Norman Rockwell may not have used his face or voice to sell war bonds, but he did use his talent. He created several paintings to help promote war bonds, and his style was so unmistakable that it was in and of itself an influencing factor.
“Save Freedom of Speech” is one of a four-poster series that was inspired by President Roosevelt’s Four Freedoms: freedom of speech, freedom of worship, freedom from want, and freedom from fear. The work was commissioned by the Office of War Information (OWI), an arm of the U.S. government that controlled war messaging and imagery.
At first the government wasn’t interested in using the posters, but then they were published by the Saturday Evening Post. This inspired the OWI to launch a nationwide tour with the paintings, which raised $130 million dollars in war bonds.
Post-war advertising: Futuristic promises, kept and unkept
After the Depression and World War II, people were exhausted. They wanted stability. They wanted recovery, at home.
They wanted to buy stuff that would help their future be better than their past.
After the war, companies that made unsexy wartime goods read the room and rebranded themselves as sleek, modern, and futuristic. Not only that, they knew that people would want to invest in their homes as their sanctuaries (sort of like how we were forced to do so during the pandemic).
Motorola, for instance, ran this ad in The Saturday Evening Post as part of their “House of the Future” campaign. Can you guess what the ad is for?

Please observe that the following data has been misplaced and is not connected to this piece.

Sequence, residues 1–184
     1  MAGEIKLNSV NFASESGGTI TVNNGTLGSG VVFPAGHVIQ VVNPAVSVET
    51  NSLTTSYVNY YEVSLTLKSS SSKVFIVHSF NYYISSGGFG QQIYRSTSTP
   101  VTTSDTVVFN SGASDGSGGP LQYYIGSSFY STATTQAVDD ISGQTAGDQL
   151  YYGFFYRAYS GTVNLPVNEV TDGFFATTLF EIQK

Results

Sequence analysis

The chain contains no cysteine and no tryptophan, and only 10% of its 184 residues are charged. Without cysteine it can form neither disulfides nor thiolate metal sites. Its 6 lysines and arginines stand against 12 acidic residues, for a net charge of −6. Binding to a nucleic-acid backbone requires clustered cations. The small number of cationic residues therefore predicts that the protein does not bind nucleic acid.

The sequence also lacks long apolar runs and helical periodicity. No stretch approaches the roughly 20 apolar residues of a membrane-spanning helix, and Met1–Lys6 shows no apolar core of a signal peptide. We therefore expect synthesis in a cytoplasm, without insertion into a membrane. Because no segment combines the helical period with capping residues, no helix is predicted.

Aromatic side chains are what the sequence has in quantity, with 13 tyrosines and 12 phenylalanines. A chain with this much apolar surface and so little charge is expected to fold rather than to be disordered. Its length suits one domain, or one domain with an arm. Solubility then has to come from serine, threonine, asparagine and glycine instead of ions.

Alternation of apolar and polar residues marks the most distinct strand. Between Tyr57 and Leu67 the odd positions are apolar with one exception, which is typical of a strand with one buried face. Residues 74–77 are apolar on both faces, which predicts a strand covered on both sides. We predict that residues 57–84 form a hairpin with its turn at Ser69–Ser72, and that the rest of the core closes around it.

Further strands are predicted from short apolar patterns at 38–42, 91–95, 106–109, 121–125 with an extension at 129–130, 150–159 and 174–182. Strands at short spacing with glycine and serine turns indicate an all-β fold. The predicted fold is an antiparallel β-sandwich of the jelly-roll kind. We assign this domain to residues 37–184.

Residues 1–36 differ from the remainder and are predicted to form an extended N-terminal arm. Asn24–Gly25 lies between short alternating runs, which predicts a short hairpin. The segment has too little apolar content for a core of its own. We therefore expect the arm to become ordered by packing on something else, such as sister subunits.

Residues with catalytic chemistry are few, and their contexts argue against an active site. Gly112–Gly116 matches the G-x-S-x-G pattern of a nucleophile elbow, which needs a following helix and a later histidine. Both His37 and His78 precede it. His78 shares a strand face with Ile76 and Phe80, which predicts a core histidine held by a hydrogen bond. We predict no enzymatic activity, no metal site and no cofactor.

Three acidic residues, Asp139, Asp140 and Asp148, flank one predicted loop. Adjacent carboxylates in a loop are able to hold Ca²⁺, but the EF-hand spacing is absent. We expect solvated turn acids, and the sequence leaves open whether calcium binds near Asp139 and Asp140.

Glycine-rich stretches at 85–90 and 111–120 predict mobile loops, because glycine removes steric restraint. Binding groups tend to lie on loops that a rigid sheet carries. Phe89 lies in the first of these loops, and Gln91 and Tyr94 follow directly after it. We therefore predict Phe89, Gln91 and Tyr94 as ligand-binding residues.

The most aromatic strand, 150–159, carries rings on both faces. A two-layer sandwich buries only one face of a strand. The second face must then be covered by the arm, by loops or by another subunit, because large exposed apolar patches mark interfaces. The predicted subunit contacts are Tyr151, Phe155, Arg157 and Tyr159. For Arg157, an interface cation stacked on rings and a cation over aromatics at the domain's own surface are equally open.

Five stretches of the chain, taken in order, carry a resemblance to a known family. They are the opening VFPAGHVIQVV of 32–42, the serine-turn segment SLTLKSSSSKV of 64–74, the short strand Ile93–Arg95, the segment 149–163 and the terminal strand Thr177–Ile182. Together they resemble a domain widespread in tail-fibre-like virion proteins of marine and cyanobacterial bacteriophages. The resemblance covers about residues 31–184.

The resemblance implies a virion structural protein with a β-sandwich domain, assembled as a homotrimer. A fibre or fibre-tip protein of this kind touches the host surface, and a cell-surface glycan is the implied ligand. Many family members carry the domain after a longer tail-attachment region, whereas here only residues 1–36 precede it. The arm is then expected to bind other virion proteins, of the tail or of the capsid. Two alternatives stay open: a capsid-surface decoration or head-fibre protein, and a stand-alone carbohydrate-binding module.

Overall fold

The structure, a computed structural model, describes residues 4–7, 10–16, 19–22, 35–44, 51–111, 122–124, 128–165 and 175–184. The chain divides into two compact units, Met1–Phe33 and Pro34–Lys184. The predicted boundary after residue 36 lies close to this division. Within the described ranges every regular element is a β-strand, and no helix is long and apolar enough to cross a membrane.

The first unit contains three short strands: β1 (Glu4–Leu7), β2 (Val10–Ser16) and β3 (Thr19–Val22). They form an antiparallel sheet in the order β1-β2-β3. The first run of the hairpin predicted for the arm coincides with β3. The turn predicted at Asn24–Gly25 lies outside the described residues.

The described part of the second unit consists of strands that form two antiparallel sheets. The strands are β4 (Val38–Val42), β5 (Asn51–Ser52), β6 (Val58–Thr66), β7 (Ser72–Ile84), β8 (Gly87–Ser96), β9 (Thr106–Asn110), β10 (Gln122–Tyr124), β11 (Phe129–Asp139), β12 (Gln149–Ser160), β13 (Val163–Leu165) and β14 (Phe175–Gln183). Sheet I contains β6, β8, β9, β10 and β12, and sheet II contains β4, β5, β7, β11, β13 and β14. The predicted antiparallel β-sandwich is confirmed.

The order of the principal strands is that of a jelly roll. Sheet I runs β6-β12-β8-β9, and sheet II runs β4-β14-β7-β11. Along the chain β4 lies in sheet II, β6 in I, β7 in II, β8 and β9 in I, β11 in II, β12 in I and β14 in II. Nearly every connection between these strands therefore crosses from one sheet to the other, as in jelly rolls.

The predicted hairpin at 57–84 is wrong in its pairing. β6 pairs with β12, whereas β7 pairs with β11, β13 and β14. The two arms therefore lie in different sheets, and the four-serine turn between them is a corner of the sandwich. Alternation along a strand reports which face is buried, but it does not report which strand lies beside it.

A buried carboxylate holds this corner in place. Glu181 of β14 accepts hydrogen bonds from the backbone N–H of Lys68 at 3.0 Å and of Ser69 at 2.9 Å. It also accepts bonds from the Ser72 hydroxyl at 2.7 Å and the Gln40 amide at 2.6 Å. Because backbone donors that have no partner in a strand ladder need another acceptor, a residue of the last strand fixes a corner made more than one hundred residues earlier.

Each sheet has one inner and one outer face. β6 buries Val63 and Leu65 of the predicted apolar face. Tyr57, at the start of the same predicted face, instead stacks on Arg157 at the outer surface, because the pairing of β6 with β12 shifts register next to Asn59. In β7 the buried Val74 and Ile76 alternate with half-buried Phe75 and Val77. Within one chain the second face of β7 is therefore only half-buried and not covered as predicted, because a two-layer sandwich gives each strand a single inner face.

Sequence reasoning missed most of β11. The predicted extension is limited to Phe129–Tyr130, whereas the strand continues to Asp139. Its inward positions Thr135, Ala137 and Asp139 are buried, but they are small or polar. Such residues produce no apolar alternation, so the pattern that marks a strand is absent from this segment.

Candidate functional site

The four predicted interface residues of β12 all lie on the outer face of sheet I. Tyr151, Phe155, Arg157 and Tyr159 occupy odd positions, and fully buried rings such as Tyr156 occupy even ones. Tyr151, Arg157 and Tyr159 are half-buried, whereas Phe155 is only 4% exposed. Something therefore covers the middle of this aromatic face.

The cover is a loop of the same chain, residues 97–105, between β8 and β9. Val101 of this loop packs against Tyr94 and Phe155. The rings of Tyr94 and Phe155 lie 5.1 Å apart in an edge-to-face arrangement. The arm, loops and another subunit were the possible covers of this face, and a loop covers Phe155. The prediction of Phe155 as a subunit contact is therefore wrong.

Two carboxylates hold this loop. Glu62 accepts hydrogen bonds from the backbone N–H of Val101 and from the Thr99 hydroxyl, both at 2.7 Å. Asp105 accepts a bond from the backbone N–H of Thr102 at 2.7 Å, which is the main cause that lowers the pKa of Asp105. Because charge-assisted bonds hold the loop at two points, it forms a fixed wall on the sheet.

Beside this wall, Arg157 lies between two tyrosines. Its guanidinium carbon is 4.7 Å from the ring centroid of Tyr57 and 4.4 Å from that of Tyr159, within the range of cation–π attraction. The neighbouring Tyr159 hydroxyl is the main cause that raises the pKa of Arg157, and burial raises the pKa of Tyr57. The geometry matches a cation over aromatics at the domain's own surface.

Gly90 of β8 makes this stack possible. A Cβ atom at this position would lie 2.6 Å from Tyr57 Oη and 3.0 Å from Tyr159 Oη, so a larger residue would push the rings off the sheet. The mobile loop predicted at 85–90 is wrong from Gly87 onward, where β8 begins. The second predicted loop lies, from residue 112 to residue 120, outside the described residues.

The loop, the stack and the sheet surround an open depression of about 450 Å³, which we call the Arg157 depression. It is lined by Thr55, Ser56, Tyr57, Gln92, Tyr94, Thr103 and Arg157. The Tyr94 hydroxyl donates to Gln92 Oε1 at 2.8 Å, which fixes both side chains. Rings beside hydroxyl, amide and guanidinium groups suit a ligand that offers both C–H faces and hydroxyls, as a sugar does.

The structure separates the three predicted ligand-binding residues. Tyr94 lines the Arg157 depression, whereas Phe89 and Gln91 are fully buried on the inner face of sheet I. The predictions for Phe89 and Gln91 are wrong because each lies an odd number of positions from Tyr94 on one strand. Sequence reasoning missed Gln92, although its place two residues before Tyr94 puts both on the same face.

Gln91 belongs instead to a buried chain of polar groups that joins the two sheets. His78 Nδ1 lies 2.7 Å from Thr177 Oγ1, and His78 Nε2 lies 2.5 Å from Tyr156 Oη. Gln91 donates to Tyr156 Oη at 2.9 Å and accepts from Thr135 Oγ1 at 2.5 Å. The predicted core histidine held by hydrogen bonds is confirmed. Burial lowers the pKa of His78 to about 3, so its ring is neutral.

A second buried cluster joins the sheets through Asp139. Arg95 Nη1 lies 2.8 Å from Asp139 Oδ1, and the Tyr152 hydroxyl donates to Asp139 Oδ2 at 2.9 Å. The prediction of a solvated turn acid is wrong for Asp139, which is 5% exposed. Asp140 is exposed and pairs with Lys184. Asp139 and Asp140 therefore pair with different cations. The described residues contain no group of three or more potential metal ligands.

Hi-fi systems and televisions. (No, not an … indoor aquarium?)
At least Motorola’s products as advertised were real. Hughes Aircraft Company, on the other hand, may have overpromised when they asked the question, “How soon will you be able to see over the phone?”
As it turns out, the answer would be “decades” for mainstream adoption of video call technology, and the name “Hughes” wouldn’t be involved.
Now, as we live through the uncertainty of what might be the aftermath of a global crisis ourselves, it’s our responsibility to ask some specific questions: What’s the kind of future we’re buying now? Who’s selling it? Is it the future we want, or is it the future we need?
World War II was the existential threat to prepare us for an even larger one: climate change. After the war, people were tired—just like we are now. The difference between then and now is that the stakes are higher, and innovation needs to deliver where it matters most: our own survival.
The U.S. government and private industry should set partnership ambitions accordingly.